Brahimi, the United Nations and the Arab League envoy to Syria, said most of the rebel groups battling President Bashar Assad's regime also have agreed to observe a temporary truce. Some rebel commanders said they would welcome a brief cease-fire for the civilian population on the holiday.
However, even if both sides agree, the implementation of a cease-fire remains in doubt. The fragmented opposition forces are not unified under one leadership, and it is unclear whether rebel commanders could enforce such a break in the hostilities.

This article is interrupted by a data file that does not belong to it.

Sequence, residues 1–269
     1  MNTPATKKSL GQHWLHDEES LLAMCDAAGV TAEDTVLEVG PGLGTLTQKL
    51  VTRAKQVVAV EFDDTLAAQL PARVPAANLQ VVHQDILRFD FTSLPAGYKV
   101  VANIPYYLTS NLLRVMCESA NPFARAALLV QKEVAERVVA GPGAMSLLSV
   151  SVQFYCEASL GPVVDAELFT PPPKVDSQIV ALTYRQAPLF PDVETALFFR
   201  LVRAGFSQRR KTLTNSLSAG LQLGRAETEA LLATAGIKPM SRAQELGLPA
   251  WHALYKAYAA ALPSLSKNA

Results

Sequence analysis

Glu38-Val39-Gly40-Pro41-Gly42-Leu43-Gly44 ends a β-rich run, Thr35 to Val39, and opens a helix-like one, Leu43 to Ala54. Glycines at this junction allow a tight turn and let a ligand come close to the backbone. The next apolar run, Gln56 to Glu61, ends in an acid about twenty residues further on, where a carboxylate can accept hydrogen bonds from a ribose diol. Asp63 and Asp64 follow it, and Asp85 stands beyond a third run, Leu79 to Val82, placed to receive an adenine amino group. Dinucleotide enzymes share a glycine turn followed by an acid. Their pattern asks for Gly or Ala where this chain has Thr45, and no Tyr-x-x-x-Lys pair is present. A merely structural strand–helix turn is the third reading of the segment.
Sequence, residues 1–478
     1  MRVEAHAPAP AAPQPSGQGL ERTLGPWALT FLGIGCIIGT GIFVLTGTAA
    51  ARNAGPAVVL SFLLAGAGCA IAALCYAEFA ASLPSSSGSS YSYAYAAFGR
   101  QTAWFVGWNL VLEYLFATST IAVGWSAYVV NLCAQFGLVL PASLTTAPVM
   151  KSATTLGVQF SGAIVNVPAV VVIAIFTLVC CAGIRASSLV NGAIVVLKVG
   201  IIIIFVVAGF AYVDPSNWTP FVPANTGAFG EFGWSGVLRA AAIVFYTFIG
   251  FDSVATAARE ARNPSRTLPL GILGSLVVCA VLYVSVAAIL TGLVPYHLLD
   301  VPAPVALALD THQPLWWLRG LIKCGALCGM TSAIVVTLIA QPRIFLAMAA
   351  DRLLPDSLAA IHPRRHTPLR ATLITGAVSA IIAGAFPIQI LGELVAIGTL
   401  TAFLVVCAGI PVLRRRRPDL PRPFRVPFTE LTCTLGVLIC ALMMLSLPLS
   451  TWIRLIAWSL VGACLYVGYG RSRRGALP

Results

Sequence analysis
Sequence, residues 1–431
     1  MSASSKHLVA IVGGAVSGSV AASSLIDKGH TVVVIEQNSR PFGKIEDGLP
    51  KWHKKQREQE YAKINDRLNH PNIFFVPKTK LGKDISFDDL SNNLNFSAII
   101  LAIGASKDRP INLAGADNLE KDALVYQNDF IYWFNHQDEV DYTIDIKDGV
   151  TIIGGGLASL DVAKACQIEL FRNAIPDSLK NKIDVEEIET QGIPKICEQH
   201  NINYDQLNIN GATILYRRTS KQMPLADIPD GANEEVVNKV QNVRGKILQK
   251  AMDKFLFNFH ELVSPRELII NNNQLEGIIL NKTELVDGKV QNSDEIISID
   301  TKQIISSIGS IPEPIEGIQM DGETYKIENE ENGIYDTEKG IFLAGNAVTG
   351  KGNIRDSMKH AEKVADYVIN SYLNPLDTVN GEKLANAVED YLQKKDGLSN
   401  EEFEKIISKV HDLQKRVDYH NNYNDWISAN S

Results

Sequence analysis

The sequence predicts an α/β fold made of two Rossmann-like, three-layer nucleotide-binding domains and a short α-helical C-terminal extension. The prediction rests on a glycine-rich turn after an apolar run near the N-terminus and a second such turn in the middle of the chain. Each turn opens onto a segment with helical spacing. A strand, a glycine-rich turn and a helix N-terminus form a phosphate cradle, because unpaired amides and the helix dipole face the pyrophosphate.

A previous truce brokered by Brahimi's predecessor, Kofi Annan, fell apart almost immediately. Since then, the conflict has only grown more violent, with daily death tolls topping 150, many of them civilians.
Brahimi met with Assad on Sunday and had spent the previous week meeting with regional leaders to gather support for the cease-fire, which is anticipated to begin Friday and last four days.
Brahimi said the Syrian government planned to follow the cease-fire announcement with a statement later Wednesday or on Thursday.
"We hope to build on it and aim for a lasting and solid cease-fire," he said.
-- Times staff
Photo: Lakhdar Brahimi, the United Nations and Arab League envoy to Syria, speaks Wednesday during a news conference following a meeting at the Arab League headquarters in Cairo. Credit: Nasser Nasser / Associated Press